2. Proposed Methodology

The acquisition of AS at the domestic or LV level is proposed considering coordination between the DSO, Aggregator (AGG) and Prosumer. As previously mentioned, the Non-Frequency AS is used by TSO or DSO for steady-state voltage control, fast reactive current injections, inertia, and black start capabilities. Thus, the proposed methodology considers an AS, available from prosumers in the LV networks, used by the DSO for voltage control.

The proposed coordination mechanism and involved players are presented in Figure 1. In the coordination, it is considered two different times for operation, namely the day-ahead and real-time. It is assumed that the DSO is responsible for the management of the distribution network. For the day-ahead planning, the DSO performs the power flow (PF) for the next 24 hours considering the forecast of all variables. With the results of the PF, the DSO identifies the periods when violation of the allowed voltage levels may occur. With the knowledge of periods with violations, the DSO is able to request the AS to the AGG. The AGG acts as a market operator, organizing the auction with LV users and selecting the AS providers. The qualification of providers is performed considering an asymmetric pool model where the AGG makes an amount request and the providers submit bid. The accepted bids are qualified for AS providers. In the next 24 hours after the qualified auction, the LV users must provide flexibility if the DSO requests for it. The AGG receives the auction results and is able to communicate the available AS to the DSO. All of these steps are performed for a day-ahead, and the DSO checks in real-time (i.e., at every period) the grid operation. The DSO is expecting a need for using the AS in the periods already detected, although these have been identified using forecasts and there might be changes in the variables. Taking into account these deviations, as the figure 1 shows, a PF validation is performed again with the updated forecasts. Thus, if the AS is really needed, the DSO will send an activation signal to the AGG, which in turn will pass the same signal to the providers pre-qualified in the auction already held. The AS is ready to be delivered, and the AGG communicates the results to the DSO. The DSO can do the settlement in every month with all accumulated values.

Figure 1. Coordination mechanism

The AGG plays an essential role in this methodology, establishing the interaction between DSO and prosumers with available flexibility. It is considered that the AGG has contracts with the prosumers for flexibility reserve. The AGG operates at a localized level of the distribution grid and therefore, the DSO can assess the impact that aggregated flexibility can have as AS. In the coordination example of Figure 1, it is assumed that the DSO also has its own resources and other contracted AS (e.g., with small industries). When the AS is requested to the AGG, a local market with asymmetric pool model is considered for the flexibility price determination.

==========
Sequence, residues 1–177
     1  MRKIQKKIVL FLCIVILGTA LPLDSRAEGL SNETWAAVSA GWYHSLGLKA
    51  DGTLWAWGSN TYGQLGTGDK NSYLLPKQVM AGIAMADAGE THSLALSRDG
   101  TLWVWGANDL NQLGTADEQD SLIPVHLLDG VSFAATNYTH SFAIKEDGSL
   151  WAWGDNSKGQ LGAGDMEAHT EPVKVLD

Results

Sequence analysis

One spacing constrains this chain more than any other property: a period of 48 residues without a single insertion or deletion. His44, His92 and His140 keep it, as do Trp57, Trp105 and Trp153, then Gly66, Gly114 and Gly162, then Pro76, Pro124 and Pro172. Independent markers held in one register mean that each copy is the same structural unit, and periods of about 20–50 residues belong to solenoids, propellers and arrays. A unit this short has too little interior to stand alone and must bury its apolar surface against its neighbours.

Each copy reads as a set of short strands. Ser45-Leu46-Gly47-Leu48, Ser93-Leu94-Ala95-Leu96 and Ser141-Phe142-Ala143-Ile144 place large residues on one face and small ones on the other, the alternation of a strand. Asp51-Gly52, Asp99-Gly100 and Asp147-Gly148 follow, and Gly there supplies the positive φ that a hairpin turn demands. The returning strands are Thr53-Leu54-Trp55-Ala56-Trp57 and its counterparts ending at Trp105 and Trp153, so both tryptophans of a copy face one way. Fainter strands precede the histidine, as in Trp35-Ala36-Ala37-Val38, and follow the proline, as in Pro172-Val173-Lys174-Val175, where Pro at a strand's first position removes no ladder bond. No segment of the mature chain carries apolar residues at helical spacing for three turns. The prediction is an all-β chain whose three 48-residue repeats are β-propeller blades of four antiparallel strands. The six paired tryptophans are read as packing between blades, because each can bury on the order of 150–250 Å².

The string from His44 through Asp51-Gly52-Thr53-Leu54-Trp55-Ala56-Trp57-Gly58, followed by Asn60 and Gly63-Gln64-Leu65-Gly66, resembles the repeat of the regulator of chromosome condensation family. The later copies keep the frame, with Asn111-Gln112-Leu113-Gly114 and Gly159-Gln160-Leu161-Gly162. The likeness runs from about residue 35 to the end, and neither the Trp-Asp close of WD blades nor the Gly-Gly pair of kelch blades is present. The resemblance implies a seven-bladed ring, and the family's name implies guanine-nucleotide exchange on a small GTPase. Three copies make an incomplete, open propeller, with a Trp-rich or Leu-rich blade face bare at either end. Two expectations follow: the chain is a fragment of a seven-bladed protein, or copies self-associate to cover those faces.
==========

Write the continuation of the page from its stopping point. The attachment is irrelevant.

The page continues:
2.1. Procedure

In this subsection, the procedure of the proposed methodology, and the pseudocode for correction of voltage violations (algorithm 1), are presented. Equation 1 represents the voltage limits:

VnminVnVnmax                  (1)

where Vnmin represents the minimum voltage magnitude limit in each bus, Vnmax represents the maximum voltage magnitude limit in each bus, and Vn represent the voltage magnitude in each bus.

Considering algorithm 1, a radial PF model from (Thukaram et al., 1999) is used for PF analysis. This radial PF was used by the authors in reference (Soares et al., 2013) to calculate the PF in a radial distribution network with high penetration of DERs and electrical vehicles (EVs). The algorithm 1 can be divided into two different operation times, namely day-ahead and real-time. In the day-ahead, action numbers 1 - 9 are performed while real-time execute the action 10 - 16.

Algorithm 1. Voltage Violations Corrections


DSO run PF

For the next 24 hours


DSO check all violations

Magnitude voltage limits


IF Violations are found THEN



    Request the AS to AGG



    AGG preforms the pre-qualifications actions



    Procedure Asymmetric Pool



      Prosumers submit bids of flexibility



      Accepted bids determine AS providers



    AGG communicates to DSO the list of AS providers